URS Australia was commissioned to carry out road design and realignments with
a creek diversion to allow for the continuing expansion of an open cut mine. The
section the project concentrated on was a 4km section of the open cut mining
This project was designed to allow the progression of this section of the
open cut mine high wall. The outcome of the works lessened the haul travel times
for the removal of coal and spoil material.
A new heavy vehicle haul road was to be constructed north of the high wall
with a creek diversion that re-routes an existing creek around the south of the
high wall to allow for the high wall advance.
There were also minor road diversions, detours and new roads to construct as
well as design of a spoil site for approximately 1.3 million cubic meters of
material excavated for the creek diversion. The road works were designed to
achieve a cut/fill balance.
The existing survey data was stored in a separate 12d Model project with
models and tins shared to the design projects. This removed any issues of
supplied data being altered or deleted as well as the having the latest survey
being read by the design projects as they opened.
Parts of the new infrastructure either intersected, or passed over or under,
meaning that the design of some roads was relying on geometry from adjacent or
intersecting new and existing roads. In addition, the design of earth berm walls
was dependent of vertical grades, proximity to intersections and clearance
heights above existing roads.
A snapshot of the complete design:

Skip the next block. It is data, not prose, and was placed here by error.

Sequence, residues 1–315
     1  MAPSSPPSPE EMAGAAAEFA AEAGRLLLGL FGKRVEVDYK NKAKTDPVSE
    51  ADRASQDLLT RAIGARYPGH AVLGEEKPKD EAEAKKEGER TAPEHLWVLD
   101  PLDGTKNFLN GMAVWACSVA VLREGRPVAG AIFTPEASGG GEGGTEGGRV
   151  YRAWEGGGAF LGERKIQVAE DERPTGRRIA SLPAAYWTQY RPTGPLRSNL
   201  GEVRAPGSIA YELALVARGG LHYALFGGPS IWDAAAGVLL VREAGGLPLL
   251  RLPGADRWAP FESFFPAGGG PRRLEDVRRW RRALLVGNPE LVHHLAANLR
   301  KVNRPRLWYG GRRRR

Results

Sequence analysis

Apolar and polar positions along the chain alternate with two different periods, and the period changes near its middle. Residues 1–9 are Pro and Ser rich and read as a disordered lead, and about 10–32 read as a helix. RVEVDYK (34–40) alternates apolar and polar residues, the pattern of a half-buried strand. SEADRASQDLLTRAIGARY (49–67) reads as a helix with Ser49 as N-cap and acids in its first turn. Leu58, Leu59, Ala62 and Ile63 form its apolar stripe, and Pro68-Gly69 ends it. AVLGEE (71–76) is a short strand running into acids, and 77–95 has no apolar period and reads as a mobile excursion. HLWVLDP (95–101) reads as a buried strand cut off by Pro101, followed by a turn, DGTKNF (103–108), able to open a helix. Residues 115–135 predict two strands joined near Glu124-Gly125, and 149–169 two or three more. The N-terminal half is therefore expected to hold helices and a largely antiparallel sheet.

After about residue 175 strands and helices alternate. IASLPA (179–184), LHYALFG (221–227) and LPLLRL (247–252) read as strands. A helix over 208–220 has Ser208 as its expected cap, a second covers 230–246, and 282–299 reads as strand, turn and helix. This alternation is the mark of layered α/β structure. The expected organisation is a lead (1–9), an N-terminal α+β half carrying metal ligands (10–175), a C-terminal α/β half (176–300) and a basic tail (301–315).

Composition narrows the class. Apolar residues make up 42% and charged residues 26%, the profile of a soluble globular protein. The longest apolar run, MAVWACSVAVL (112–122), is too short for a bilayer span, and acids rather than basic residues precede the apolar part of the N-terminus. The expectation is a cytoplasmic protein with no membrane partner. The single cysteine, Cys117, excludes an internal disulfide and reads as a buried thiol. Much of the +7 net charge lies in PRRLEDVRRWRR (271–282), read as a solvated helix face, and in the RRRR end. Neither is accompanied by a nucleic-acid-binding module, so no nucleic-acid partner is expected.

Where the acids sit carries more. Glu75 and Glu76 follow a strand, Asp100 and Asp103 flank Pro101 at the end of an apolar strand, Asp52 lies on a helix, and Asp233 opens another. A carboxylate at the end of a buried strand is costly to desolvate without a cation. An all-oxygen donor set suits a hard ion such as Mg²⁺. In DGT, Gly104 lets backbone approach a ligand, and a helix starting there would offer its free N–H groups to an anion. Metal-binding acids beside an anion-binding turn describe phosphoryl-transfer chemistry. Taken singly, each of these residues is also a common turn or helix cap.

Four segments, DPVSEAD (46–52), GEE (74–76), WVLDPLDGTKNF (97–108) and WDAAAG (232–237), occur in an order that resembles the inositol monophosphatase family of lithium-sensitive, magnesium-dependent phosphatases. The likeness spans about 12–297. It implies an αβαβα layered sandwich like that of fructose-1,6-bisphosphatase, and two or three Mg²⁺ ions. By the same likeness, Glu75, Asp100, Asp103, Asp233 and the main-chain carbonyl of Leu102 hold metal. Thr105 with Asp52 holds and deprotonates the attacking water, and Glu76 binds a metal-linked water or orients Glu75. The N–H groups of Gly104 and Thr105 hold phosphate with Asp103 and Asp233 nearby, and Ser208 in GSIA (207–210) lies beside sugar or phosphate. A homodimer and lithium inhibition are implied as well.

138 functions - consisting of Apply Manys, Contour creation, TIN
re-triangulations, Removal of Strings, and recolouring of triangles for
62 Super Alignment resolves. Some were re-run several times to allow, first
horizontal computations and then later to get vertical geometry tie-ins from
34 Longsection plot PPFs
22 Cross section plot PPFs
50 Setout Table recalculations
73 Volume Calculation outputs
It would not be possible to run all these entities manually to update the design
and expect all of the above to complete successfully.
This is where the 'Chains' functionality in 12d Model software proved invaluable
as a design tool.
Within all of the chains, the team was able to insert comments that headed
sections of the chain for ease of reading and understanding, and notes on what
was done at certain stages to alter computator reference points. This helped
them remember what they had done some three months earlier, and also consider
the work of other designers who had to alter/check design methodology at a later
The project was split into discrete chains to run parts of the design, to reduce
recalculation times. If road redesign was taking place, then just the road
design chain was run, rather than all chains.
Chains in 12d Model made the design process both simple and complex:
The simplicity of pressing one button to carry out a hundred or more
commands in seconds updating designs and outputs
The complexity of design interaction could be handled in a logical manner,
giving the designer a flow process as well as a record of what the design
elements are and how and where they fit together.
There were 11 chains in total that carried out the complete design operation.
These discrete chains were:
There was an overall design chain that ran all the chains above to carry out the
complete design from start to finish. This took about 7.5 minutes running over
the computer network. This was reduced to about 3.5 minutes if all data was
stored on the workstation.
The team also created several other chained chains, including a chain that only
ran the Creek design and then the Road design. These two designs crossed paths
at the coal haul road realignment, so for every creek diversion alteration, the
road design was required to rerun as the creek tin was part of the road design's
existing surface tin, and vice versa for the creek design.
This process enabled the designer to run two interconnecting parts of the design
only, without running plotting, setout and other design elements. The innovative
use of 12d Model software on this project saved the team a huge amount of time,
and simplified processes.
Download this Case Study as a PDF